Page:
Career # 3 - Medical Assistant
Interested in a hands-on career in the growing health care field? A career as a medical assistant could be a good fit for you.
Hot Hiring Factors: The U.S. Department of Labor projects a fast job growth rate of 31 percent for the medical assistant profession - or 162,900 new jobs - between 2010 and 2020. As the baby boomers age and require more medical services, doctors are expected to need more medical assistants to complete routine clerical and clinical responsibilities.
Job Responsibilities: Medical assistants can help make sure that a patient's visit goes smoothly and all questions are answered. With a combination of administrative and clinical duties, this in-demand career could include everything from measuring vital signs to preparing blood for lab tests to arranging patients' appointments, according to the Department of Labor.
Education Options: What do you need to prepare for this career? Although medical assistants could learn on the job, some employers could prefer candidates who complete a formal education program like a certificate or associate's in medical assisting, says the Department.
Career # 4 - Human Resources Specialist
Eager to join the booming field of human resources? Consider pursuing a career as a human resources specialist.
Hot Hiring Numbers: Due to companies continually wanting to find and keep the most qualified workers, human resources specialists will continue to be in demand, says the U.S. Department of Labor who projects 21 percent job growth between 2010 and 2020. In case you're wondering, that's a total of 90,700 new jobs.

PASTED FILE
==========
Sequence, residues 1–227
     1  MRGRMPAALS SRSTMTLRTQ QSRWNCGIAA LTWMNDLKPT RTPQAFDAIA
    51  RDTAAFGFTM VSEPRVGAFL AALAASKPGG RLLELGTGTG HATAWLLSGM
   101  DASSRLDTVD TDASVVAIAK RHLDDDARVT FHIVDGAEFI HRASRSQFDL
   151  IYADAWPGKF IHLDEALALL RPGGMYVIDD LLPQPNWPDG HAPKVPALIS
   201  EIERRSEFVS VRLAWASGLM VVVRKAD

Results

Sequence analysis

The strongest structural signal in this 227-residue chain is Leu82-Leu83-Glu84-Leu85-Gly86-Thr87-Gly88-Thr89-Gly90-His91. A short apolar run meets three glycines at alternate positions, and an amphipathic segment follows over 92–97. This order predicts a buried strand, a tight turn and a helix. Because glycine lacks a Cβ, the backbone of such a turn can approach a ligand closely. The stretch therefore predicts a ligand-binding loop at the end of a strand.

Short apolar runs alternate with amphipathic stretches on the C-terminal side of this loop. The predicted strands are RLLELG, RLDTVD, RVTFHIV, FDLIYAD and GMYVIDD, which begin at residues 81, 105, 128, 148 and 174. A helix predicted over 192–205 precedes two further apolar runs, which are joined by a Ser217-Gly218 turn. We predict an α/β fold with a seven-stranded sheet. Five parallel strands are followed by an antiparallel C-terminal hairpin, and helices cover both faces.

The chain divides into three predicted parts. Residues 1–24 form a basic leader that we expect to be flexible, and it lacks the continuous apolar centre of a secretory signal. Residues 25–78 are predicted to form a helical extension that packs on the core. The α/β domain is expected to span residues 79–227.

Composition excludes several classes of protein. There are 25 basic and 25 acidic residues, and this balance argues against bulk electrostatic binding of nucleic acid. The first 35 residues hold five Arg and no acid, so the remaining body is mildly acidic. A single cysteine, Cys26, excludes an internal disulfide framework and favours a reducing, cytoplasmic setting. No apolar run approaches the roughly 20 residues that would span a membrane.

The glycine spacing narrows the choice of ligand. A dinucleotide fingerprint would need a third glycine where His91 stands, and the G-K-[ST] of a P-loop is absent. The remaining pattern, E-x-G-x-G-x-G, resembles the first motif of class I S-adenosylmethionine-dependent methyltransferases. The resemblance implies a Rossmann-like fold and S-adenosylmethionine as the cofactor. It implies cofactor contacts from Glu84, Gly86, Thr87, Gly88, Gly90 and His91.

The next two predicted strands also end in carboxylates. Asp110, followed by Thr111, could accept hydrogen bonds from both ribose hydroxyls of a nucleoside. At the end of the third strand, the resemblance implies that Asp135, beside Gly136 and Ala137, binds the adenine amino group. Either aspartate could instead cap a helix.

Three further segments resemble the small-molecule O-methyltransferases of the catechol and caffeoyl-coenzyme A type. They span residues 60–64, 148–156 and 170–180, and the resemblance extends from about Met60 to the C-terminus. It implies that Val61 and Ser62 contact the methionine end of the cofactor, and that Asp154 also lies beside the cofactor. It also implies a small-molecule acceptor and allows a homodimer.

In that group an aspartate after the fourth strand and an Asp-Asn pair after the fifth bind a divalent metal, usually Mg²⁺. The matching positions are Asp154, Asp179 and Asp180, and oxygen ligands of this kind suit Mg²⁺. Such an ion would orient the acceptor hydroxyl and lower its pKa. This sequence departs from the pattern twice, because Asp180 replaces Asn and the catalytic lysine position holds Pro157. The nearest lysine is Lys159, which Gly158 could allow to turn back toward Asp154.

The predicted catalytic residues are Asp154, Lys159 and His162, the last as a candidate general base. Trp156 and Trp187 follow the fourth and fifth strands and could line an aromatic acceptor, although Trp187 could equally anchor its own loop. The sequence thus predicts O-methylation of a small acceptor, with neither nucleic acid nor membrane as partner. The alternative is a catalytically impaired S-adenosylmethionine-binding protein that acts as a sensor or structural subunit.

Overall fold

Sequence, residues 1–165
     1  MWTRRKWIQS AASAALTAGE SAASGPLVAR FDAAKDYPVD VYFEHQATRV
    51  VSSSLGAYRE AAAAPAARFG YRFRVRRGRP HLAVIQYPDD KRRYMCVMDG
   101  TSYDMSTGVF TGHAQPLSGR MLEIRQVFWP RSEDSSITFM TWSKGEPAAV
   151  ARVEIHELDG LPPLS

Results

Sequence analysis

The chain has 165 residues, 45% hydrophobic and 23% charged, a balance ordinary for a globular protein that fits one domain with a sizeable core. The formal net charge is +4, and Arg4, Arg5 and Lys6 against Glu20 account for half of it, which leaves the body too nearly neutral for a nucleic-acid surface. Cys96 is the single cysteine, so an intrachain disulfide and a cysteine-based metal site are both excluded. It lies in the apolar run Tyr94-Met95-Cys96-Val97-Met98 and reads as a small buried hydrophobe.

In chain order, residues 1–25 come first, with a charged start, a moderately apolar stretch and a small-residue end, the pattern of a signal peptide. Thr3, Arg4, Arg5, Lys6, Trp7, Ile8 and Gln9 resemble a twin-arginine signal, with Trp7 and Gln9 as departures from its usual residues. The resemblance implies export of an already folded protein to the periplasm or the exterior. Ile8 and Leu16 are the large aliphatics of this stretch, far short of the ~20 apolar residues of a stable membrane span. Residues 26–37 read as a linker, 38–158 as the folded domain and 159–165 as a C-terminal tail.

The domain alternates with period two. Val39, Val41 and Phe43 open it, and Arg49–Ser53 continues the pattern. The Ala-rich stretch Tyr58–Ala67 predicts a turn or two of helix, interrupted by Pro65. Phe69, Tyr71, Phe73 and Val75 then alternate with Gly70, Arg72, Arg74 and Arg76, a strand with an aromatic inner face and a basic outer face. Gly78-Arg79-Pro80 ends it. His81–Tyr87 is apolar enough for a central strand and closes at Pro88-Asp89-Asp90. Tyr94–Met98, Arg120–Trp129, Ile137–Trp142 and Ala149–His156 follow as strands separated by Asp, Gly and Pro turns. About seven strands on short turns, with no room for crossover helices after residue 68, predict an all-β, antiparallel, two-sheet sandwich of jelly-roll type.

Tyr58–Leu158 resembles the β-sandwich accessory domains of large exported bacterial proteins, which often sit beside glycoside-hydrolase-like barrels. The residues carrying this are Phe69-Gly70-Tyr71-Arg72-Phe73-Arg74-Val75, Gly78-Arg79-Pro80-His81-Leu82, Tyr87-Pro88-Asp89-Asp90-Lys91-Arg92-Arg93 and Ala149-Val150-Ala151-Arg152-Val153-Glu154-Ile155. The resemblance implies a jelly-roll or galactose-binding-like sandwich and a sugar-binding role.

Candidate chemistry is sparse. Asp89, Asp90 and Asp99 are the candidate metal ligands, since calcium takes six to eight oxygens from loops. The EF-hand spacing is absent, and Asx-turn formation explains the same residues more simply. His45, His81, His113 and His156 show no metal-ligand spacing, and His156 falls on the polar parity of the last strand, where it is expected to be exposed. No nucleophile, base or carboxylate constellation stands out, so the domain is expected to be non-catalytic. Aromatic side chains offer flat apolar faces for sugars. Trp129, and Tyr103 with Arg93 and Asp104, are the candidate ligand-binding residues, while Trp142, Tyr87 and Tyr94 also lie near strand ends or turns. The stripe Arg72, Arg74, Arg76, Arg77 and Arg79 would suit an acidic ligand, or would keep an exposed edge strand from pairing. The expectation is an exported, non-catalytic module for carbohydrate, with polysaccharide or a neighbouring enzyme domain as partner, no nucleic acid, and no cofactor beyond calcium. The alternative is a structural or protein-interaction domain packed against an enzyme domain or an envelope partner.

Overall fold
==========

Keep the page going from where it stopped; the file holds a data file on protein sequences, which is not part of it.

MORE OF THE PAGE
Job Responsibilities: Human resources specialists help recruit, interview, and situate qualified candidates into jobs, according to the Department of Labor. But that's not it. This growing career might also include other duties in employee relations, payroll and benefits, and employee education.
Education Options: How can you prepare to pursue this career? Although education requirements may vary by employer, most human resources specialists need to have at least a bachelor's degree, according to the Department. Preferred majors for human resources generalists, for example, include human resources, business, or a related field.
Career #5 - Public Relations Specialist
Ready to use your communication skills in a growing field? A public relations specialist could be the right career match for you.
Hot Hiring Numbers: Because organizations want to improve their reputation and visibility to consumers, as well as increase the number of communication channels between organizations and the public, public relations specialists are projected to see a 23 percent job growth between 2010 and 2020, according to the U.S. Department of Labor. In case you're wondering, that translates to 58,200 new jobs.
Job Responsibilities: As a public relations specialist, your communication and social skills can come in handy when trying to create a positive public image for your client or employer. Get ready to write press releases, arrange interviews with the public, organize and run public relations programs, or develop fundraising plans for an organization, according to the Department of Labor.
Education Options: Want in on this in-demand field? To prepare to pursue this growing career, a bachelor's degree is generally required. Specifically, employers tend to prefer applicants who "have studied public relations, journalism, communications, English, or business," says the Department. In some cases, employers might favor applicants with a master's degree in public relations or journalism.